PSC Staff Open to Reg Reform

The Public Service Commission staff released its opinion on the Working Case to Consider Policies to Improve Electric Utility Regulation. Much of the discussion has focused on the issue of “regulatory lag.” Utilities would like to be reimbursed for their outlays more quickly. Staff seems open to making changes to address the issue. See the 85-page opinion here.  The Commission is expected to publish its opinion at the beginning of December.

Pull Quote: Many of the proposed investment opportunities may provide improved reliability, safety or security, but more likely, will automate the Missouri grid using the latest technologies and changing consumer needs.  Therefore, Staff recommends some reform to the current regulatory environment. Staff  is not opposed to the following approaches if in conformity with the general ratemaking principles and under the specific conditions outlined later in this Report: shortened  rate case processes, a continued true-up  period, certain trackers/riders, interim rates, partially forecasted test years that are trued-up within the pendency of a rate proceeding, an electric infrastructure system replacement surcharge (“ISRS”), an electric rate case adjustment proceeding process, decisional pre-approval with post-construction review, a grid modernization incentive mechanism, net metering and solar modifications, security and diversity supply modifications, alternative financial instruments, a low income rate or additional residential rate  classes, shared rate case expense.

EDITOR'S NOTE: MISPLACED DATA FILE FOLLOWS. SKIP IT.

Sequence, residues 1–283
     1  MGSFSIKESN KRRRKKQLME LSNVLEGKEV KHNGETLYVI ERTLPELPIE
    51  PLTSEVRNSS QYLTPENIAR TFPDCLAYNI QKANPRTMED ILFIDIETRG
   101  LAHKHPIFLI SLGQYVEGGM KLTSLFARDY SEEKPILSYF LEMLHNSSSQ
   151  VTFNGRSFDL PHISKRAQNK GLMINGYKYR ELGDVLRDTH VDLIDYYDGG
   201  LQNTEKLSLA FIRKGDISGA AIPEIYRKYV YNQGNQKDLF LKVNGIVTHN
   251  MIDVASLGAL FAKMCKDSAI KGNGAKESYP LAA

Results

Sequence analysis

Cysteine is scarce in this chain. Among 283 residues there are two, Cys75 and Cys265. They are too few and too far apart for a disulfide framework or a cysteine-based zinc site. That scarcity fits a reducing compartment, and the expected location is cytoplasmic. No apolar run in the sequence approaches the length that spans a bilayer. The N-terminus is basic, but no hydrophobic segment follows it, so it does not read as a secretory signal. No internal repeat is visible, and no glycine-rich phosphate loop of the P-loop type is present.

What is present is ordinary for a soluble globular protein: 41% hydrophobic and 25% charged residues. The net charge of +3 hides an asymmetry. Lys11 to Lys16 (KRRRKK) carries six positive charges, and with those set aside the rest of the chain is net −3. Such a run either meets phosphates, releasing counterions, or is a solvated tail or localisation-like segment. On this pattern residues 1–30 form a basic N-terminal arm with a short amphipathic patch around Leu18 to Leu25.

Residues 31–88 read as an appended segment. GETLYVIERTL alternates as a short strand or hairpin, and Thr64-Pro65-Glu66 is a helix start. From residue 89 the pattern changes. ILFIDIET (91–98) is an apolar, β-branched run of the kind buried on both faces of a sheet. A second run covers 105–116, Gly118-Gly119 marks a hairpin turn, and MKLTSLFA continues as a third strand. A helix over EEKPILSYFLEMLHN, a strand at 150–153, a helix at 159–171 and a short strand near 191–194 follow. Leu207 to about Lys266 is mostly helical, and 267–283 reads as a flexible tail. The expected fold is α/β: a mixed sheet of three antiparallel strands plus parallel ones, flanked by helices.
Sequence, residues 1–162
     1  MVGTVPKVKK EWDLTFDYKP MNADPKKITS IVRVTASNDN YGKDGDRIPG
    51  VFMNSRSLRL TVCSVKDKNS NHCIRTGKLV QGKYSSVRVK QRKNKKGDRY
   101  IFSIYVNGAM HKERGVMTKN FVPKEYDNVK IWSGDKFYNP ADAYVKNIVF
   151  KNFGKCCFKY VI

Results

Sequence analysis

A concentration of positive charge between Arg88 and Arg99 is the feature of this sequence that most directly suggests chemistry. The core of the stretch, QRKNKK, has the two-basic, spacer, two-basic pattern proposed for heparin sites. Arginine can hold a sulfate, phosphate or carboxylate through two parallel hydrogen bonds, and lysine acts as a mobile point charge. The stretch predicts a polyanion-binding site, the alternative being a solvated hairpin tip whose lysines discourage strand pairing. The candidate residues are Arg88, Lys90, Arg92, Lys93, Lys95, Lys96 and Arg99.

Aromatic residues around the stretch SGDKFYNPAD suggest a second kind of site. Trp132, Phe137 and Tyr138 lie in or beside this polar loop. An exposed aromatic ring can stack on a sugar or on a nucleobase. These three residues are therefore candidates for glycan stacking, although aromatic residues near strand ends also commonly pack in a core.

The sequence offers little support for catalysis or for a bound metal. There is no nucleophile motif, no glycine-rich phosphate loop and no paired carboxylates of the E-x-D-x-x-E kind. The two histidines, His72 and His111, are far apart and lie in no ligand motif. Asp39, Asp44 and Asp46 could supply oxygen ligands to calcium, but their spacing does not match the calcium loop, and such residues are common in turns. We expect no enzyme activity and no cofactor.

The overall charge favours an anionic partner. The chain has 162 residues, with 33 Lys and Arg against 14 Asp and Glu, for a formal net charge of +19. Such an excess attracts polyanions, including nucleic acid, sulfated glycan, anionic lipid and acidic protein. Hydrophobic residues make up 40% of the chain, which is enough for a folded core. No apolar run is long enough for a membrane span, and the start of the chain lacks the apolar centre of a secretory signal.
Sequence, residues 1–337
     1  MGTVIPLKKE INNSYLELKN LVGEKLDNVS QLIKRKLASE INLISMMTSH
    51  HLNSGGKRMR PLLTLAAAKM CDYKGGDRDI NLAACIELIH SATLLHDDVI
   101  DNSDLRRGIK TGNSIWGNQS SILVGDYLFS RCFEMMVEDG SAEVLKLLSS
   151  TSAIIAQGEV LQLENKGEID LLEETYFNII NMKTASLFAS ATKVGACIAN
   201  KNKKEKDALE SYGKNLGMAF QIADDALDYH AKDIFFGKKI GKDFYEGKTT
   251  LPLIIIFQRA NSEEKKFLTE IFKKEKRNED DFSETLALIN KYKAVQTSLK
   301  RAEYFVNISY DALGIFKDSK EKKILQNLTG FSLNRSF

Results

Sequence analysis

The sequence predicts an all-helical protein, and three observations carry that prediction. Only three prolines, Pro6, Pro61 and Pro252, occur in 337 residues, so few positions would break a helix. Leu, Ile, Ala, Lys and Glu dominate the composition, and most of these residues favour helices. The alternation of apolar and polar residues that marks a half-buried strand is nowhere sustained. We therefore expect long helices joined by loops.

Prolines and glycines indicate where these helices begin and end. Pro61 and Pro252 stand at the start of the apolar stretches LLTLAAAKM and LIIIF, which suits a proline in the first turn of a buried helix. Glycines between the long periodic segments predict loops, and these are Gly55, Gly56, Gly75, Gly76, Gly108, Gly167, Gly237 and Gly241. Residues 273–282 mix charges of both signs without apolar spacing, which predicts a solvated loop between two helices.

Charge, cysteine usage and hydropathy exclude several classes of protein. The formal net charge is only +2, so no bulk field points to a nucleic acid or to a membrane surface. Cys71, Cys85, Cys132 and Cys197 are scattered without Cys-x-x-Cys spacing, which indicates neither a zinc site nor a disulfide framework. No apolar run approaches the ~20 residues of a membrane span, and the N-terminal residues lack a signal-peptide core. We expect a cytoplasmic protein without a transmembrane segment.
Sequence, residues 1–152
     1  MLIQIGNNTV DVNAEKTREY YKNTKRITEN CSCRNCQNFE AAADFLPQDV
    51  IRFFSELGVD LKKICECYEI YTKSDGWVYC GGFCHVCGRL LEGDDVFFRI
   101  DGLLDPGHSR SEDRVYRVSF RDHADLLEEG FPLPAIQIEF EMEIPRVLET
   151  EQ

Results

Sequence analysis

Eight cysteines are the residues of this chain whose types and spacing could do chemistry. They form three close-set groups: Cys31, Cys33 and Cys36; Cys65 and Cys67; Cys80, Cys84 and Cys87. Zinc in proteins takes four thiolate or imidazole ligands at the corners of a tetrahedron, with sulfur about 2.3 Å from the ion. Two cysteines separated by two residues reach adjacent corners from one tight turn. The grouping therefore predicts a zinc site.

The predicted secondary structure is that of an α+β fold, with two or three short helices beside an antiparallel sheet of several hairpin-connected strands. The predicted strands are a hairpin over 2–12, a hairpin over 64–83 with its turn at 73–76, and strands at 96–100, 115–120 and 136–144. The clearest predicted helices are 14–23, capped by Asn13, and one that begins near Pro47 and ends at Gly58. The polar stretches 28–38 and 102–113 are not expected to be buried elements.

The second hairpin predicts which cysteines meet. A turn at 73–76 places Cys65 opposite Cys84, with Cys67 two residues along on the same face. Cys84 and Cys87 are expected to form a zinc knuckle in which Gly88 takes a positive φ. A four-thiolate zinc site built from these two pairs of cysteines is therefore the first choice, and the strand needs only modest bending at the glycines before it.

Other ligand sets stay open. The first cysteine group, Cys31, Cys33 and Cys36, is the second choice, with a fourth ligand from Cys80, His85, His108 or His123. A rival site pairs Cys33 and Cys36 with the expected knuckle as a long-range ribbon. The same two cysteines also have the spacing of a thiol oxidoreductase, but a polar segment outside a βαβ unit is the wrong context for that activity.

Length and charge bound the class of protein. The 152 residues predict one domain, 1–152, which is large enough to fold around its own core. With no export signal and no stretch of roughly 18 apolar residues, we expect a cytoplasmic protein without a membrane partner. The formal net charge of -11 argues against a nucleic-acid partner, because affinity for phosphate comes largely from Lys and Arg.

Later (page 70), staff outlines its conditions.  Among them:

Any re-examination of regulatory lag issues should be focused on the context of increased plant modernization/infrastructure replacement initiatives that may go beyond adherence to the traditional “safe and adequate” service standard…  

The ability of the Commission to review and audit the books and records of utilities operating under its jurisdiction should be preserved…

If the risk faced by Missouri utilities is materially changed by enactment of policy initiatives to reduce regulatory lag, this change in risk should be taken into account in setting the utilities’ authorized returns.

Any changes should preserve current incentives for utilities to operate efficiently, and not serve to effectively guarantee the utilities a particular return or profit level…

 

Originally in October 19 MOScout.